In a remarkable work of insight and sound reasoning, Jackson recreates graphically the tumultuous six weeks that stripped France of its former glory, left the British standing alone, and changed the course of the 20th century. The tragic capitulation stunned the world. As French writer-aviator Antoine de Saint-Exupery recalled, “Surely, I must be dreaming.”

Jackson’s study is fresh, sharp, and engaging.

The Impact of Nazism edited by Alan E. Steinweis and Daniel E. Rogers, University of Nebraska, Lincoln, 2003, 260 pp., index, $49.95, hardcover.

In Thomas Wolfe’s posthumously published 1939 novel, The Web and the Rock, the hero pays a visit to the famous Munich Oktoberfest. He is enjoying the food, the dark and heavy beer, and the merriment around him when suddenly the scene and his perception begin to tilt, and he experiences a dreamlike sequence. The beer-drinking and singing crowd assumes a deeply threatening character.

“It seemed to (him) that nothing on earth could resist them—that they must smash whatever they came against,” wrote Wolfe. “He understood now why other nations feared them so … He felt as if he had dreamed and awakened in a strange, barbaric forest to find a ring of savage, barbaric faces bent down above him: blond-braided, blond-mustached, they leaned upon their mighty spear staves, rested on their shields of toughened hide, as they looked down. And he was surrounded by them; there was no escape.”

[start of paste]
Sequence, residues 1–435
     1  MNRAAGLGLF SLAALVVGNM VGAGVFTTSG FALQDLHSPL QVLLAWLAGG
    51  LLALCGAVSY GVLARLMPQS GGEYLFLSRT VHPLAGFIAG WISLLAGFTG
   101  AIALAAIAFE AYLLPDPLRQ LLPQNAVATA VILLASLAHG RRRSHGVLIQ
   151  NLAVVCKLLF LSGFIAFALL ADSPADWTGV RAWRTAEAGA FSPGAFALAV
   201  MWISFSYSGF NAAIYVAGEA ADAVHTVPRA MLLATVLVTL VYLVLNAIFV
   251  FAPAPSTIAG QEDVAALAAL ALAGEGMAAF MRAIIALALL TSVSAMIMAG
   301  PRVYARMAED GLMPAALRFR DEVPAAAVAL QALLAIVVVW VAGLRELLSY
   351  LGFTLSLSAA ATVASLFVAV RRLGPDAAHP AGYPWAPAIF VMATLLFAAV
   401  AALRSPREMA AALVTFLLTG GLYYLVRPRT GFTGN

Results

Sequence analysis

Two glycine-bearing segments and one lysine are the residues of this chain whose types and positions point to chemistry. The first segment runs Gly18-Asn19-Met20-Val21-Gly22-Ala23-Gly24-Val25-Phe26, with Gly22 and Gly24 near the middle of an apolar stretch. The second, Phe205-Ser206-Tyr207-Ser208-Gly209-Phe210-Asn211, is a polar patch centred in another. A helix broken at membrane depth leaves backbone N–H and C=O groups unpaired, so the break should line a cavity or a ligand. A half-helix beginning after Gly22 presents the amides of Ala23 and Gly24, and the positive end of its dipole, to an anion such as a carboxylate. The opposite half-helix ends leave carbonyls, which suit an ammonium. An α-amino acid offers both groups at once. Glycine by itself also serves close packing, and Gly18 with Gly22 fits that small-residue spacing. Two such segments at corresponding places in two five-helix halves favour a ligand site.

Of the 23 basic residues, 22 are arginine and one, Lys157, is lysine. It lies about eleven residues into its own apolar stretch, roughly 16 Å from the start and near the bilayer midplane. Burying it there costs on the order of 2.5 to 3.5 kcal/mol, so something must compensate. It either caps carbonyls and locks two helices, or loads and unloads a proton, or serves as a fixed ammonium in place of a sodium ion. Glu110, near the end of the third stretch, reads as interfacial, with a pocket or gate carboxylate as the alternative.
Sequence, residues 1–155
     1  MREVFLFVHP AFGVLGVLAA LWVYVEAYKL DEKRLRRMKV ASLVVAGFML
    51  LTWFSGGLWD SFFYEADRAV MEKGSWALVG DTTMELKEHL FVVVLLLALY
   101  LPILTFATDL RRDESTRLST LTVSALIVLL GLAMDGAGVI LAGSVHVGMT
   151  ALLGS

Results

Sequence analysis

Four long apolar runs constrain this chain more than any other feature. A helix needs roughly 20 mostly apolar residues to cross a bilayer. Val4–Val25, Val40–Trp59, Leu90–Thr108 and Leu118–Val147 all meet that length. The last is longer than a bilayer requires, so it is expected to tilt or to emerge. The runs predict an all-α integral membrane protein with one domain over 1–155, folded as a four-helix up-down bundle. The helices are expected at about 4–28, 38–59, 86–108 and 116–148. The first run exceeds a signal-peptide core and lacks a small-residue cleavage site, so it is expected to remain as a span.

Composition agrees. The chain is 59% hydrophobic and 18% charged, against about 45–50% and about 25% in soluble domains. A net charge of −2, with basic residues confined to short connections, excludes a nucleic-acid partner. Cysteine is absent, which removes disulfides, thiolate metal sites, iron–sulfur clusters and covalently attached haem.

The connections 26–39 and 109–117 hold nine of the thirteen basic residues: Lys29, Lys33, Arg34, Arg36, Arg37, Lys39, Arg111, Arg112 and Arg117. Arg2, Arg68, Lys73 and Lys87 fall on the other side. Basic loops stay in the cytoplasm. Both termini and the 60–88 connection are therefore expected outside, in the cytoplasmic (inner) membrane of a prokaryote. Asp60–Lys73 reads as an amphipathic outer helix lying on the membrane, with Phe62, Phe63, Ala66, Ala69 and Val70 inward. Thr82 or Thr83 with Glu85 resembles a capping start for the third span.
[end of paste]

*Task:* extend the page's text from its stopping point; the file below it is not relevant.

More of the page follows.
Wolfe captured in dramatic literary scenes the coexistence of contradictory feelings toward the Germans, as Michaela Honicke Moore points out in this collection of 13 scholarly, penetrating essays on the phenomenon and impact of Nazism in the 20th century. In an essay on National Socialism, Miss Moore notes that Wolfe, who died before Adolf Hitler started World War II, understood the evil he described as being part of human nature—German human nature. “Hitler,” Wolfe believed, “was a recrudescence of an old barbarism.”

Illuminating and provocative, the essays in this book address many aspects of Nazism, including the origins and character of antisemitism and anti-Slav policies, the Nazification of the Prussian military high command, Third Reich decision-making, Hitler’s leadership, German scholars’ roles in promoting persecution tactics, the actions of German police in the occupation of eastern Europe and the Jewish genocide, and Nazism in the war’s aftermath. There is a wealth of intelligent insight here into the enigmatic race that produced Beethoven, Goethe, Bach, Handel, Schiller, Mendelssohn, Brahms, Wagner, Brecht, Einstein—and gas chambers.

Steinweis is an associate professor of history and Judaic studies at the University of Nebraska, and Rogers is an associate professor at the University of South Alabama. Both have previously written books on Nazi Germany.

The National Guard by Michael D. Doubler and John W. Listman Jr., Brassey’s, Dulles, Va., 2003, 191 pp., 450 photographs, appendix, index, $29.95, hardcover.

Major General Charles W. Ryder’s 34th Infantry Division was the first U.S. combat division to be sent overseas following the Pearl Harbor attack.

The “Red Bull” Division sailed from New York to Northern Ireland in January 1942 to relieve British Army units and start training for the planned Allied invasion of Northwest Europe. But, reflecting strategic decisions, the 34th was reassigned to the invasion of North Africa on November 8, 1942. Landing in Algeria, it helped to defeat the Afrika Korps in Tunisia, suffered 4,200 casualties, and went on to distinguish itself in Italy.